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By Kim Eun-jung
SEOUL, July 21 (Yonhap) - Larry Kinard's Korean War memories come back to him with a vivid clarity, which makes him shudder at the recollection of being so close to death.
One of them is of an incident that took place in 1952, three years after he became a U.S. Army second lieutenant to serve in the 3rd Infantry Division on the front-line. He was 22.
Looking out at the enemy territory over the Imjin River, an artillery shell exploded just 22 meters in front of a four-member observation team.
"It literally blew us out of the bunker's back. Nobody was killed, but we suffered from concussion and shock for several days," Kinard, now 84 and the president of the Korean War Veterans Association (KWVA), said in an interview with Yonhap News Agency.
"There were several experiences where I came close to dying. When it comes that close to death, you remember it."
The KWVA president living in Forth Worth, Texas visited Seoul as part of a veterans' event hosted by the Ministry of the Patriots and Veterans Affairs as South Korea commemorates the 60th anniversary of signing the Armistice Agreement that ended hostilities.
The three-year war came to a halt in 1953, with a cease-fire agreement establishing a demilitarized zone roughly running along the 38th parallel that separated the two Koreas. Still today, there is no peace treaty and tensions continue with Pyongyang's threats of missile attacks and nuclear war.
Although the Korean War has stuck with Kinard and other veterans for their entire lives, the war has been overshadowed in the public consciousness following many subsequent American military conflicts in recent decades.
As the number of survivors with first-hand accounts of the war is dwindling -- with the youngest now nearing 80 -- Kinard decided to devote the rest of his life to tell stories of the "forgotten war" through an education program called "Tell America."
Since 2005, the energetic veteran has traveled across the U.S. to meet people and students to tell what happened 60 years ago on the Korean Peninsula, and distributed booklets and brochures to libraries.
Kinard stressed the education program is important because people should learn from history so as not to make the same mistakes in the future.
"We tell the students that war is not fun," he said. "Some of what they see in movies and on TV is not real. War is terrible."
If it is so terrible, why do people go to war?
"Sometimes, you have to fight a war to defend freedom you have. I try to get them to understand what the real price of freedom is," he added.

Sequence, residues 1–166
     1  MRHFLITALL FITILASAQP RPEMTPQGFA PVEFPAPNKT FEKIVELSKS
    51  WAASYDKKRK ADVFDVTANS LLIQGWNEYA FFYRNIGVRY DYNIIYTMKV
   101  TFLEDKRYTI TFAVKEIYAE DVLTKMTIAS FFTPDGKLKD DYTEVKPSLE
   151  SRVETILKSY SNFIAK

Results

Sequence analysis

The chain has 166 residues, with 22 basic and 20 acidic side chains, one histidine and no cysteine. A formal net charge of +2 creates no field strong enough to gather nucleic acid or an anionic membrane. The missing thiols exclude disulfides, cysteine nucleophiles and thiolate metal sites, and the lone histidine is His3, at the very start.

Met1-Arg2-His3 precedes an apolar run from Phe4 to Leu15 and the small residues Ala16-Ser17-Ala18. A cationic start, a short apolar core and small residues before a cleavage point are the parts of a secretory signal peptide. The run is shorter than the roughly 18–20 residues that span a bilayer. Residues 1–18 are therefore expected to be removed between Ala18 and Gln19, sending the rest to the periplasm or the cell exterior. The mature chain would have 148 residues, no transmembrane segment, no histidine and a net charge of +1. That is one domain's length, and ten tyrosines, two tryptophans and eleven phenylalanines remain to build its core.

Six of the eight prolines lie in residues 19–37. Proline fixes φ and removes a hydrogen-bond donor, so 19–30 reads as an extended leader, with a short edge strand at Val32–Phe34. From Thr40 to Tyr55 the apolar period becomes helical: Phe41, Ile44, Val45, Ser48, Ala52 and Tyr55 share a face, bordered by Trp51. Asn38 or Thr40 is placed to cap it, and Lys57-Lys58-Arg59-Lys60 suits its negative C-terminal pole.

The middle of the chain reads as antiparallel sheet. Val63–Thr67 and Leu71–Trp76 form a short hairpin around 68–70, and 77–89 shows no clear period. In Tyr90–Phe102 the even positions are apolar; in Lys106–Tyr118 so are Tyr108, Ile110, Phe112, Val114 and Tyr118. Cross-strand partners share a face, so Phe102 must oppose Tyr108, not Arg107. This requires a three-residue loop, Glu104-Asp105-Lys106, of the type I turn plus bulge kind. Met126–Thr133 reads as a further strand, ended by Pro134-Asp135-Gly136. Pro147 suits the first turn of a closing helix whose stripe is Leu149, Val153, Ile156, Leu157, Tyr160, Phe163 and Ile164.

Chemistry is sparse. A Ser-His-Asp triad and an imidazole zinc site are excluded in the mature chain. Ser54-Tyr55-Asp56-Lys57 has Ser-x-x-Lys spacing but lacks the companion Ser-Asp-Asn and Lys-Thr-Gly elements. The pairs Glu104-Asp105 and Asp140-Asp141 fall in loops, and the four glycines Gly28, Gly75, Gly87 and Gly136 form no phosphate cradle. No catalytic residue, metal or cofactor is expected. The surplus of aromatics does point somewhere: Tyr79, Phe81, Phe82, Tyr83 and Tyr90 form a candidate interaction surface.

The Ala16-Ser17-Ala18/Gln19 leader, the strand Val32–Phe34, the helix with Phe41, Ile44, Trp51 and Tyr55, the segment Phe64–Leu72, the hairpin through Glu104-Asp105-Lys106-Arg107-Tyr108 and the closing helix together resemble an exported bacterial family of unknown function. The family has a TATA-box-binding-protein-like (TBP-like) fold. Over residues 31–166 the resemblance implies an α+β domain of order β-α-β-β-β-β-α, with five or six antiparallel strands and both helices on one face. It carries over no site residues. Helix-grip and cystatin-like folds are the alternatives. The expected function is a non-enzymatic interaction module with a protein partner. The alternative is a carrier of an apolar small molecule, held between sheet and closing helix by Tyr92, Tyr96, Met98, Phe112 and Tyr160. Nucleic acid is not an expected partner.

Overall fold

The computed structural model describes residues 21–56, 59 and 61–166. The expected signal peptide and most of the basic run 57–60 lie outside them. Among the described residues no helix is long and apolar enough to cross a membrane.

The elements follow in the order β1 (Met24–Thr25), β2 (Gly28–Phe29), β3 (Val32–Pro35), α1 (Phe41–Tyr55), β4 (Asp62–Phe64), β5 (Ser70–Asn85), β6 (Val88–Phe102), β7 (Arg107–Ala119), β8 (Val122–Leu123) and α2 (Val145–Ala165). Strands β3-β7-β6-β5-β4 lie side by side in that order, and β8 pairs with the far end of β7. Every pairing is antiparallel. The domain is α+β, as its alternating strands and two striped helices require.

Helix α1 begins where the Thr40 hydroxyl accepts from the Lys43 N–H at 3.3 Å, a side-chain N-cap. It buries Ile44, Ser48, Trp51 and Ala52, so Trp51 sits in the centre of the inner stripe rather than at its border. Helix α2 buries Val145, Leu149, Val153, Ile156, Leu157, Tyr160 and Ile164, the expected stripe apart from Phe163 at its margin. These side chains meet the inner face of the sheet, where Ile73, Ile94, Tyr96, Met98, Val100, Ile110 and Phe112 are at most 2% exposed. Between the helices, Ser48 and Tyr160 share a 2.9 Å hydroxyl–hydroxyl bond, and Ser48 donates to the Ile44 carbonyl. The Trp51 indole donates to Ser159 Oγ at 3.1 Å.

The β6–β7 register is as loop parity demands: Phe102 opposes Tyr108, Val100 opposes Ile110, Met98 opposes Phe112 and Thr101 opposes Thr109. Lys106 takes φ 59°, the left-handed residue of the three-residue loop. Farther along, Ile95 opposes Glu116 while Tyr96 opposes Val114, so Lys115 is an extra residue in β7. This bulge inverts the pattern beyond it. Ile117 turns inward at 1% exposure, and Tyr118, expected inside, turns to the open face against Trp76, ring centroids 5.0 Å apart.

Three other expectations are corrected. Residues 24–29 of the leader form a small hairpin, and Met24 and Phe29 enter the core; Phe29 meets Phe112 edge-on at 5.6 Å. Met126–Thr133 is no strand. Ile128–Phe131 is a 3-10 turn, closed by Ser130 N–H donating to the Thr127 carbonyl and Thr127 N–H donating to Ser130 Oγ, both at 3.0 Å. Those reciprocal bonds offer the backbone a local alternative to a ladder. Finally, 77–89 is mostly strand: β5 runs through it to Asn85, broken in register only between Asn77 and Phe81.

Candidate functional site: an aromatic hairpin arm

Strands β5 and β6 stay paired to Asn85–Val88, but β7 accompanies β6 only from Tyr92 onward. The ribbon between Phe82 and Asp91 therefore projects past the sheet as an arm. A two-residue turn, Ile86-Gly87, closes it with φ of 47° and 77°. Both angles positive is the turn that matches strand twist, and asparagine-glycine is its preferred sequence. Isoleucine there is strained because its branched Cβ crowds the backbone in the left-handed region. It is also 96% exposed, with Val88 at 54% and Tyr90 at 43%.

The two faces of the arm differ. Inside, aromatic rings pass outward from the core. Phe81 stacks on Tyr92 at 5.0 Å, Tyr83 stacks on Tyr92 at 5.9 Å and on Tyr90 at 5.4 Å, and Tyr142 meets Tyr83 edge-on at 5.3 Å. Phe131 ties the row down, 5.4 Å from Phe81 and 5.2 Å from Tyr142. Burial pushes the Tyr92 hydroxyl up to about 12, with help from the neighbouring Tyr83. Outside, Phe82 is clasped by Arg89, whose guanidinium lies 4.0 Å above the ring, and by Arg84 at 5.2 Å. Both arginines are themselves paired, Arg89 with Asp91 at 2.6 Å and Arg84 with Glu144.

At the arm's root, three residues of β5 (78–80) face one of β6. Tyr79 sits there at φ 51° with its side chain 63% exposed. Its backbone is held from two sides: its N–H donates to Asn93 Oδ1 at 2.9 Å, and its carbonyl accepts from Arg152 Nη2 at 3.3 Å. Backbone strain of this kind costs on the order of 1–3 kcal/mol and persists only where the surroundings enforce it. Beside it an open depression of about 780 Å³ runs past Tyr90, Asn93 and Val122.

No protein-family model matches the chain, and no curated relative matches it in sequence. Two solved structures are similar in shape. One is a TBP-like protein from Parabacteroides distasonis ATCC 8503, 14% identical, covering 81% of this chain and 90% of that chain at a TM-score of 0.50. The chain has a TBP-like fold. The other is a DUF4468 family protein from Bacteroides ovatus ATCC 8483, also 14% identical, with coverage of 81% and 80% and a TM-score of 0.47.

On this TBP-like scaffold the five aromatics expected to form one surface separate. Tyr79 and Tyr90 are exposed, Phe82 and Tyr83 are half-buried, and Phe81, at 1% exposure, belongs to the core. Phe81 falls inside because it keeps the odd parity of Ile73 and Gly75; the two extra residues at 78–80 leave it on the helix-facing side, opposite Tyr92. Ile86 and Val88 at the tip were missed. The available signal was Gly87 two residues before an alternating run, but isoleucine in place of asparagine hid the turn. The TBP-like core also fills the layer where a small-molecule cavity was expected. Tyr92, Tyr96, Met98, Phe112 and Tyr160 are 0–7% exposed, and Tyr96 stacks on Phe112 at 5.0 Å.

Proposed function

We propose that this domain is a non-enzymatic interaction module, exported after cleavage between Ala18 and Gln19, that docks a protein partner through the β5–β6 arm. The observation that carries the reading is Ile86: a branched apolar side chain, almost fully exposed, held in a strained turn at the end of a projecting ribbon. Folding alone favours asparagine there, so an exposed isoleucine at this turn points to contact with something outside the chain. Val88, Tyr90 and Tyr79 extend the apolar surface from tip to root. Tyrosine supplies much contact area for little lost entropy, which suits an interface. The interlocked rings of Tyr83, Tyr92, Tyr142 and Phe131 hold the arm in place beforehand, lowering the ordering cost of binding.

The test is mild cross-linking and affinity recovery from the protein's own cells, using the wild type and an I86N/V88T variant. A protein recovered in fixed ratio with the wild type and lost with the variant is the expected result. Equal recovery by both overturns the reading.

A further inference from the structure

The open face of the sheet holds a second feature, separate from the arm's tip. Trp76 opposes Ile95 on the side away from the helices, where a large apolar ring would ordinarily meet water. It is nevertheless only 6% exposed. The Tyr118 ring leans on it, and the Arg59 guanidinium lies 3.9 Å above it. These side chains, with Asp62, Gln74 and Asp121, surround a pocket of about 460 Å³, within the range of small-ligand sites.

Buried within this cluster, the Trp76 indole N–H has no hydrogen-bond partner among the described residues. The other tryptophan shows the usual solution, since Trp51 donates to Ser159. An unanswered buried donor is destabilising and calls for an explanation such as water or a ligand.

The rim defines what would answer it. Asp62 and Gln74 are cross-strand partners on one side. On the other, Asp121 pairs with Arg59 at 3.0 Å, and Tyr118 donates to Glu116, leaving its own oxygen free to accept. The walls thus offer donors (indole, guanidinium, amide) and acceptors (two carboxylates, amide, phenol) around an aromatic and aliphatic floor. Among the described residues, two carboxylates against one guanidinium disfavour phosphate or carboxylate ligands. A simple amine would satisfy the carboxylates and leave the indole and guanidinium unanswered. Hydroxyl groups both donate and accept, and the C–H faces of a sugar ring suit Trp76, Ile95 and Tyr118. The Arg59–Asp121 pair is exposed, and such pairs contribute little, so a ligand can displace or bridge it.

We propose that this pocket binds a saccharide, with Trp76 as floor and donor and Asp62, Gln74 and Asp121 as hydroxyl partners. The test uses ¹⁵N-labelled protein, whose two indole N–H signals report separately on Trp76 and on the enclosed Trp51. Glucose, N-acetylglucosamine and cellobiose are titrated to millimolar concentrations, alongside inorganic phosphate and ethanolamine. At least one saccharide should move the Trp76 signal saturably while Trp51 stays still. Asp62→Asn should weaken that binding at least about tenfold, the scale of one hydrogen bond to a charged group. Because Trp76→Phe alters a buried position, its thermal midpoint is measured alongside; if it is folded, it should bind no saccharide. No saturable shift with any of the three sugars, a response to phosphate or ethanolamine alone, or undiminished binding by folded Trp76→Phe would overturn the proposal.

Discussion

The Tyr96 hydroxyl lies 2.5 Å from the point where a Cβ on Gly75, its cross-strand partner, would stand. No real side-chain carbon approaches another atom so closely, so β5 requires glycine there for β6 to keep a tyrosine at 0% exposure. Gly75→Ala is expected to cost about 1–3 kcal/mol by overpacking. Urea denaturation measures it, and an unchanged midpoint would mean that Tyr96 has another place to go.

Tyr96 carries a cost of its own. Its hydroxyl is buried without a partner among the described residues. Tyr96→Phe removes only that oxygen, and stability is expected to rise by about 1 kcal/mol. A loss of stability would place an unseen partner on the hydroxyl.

While the veteran's program was initially designed to raise awareness among students, Kinard discovered many teachers had very little knowledge of the war. So, he decided to expand the program from schools to churches and other organizations across America to give people the opportunity to talk with veterans and stimulate their curiosity.
The great-grandfather with three children says the young generation should not forget where today's prosperity came from.
"We stress to these children what it means to be a patriotic American, what it meant to us to fight for the freedom of the Korean people," he said. "We teach them that freedom is not free and many have paid a huge price for the freedom we enjoy today."
The Korean War VA president called for more revisiting programs for survivors to make them in close contact and remember what they had sacrificed and contributed.
"By meeting, living and fighting with these soldiers from other countries, we all became closer and learned first-hand what it truly means to be comrades-in-arms," Kinard said. "Through this togetherness, this comrade-in-arms personal contact, the entire world has become smaller and all of us have benefited as we learned each other's culture, language, history and traditions."
The old veteran was particularly proud of the economic and political progress of South Korea, which has risen from the destruction of war to one of the leading economies, saying Koreans "accomplished a miracle."
"I hope you know that the U.S. Korean War veterans are extremely proud of the Korean people and their accomplishments over the last 60 years," he said.
Kinard, however, expressed regret that Korea still remains divided and hoped peace will come someday.
"It's sad. I wish Korea to be reunified, but at this point, it seems to be almost impossible with standoffs from both sides," Kinard said. "Being strong is the best thing," he said, adding 28,500 American troops stationed in South Korea should remain in the country as a way to deter North Korea aggression.
Though the last thing he wants is war, the white-hair veteran demonstrated his last-remaining fighting spirit to preserve the Korean War legacy.
"Should war ever come to the Korean Peninsula again," he said, "we will be there, as we were in the 50s -- comrades-in-arms, fighting side by side with you."
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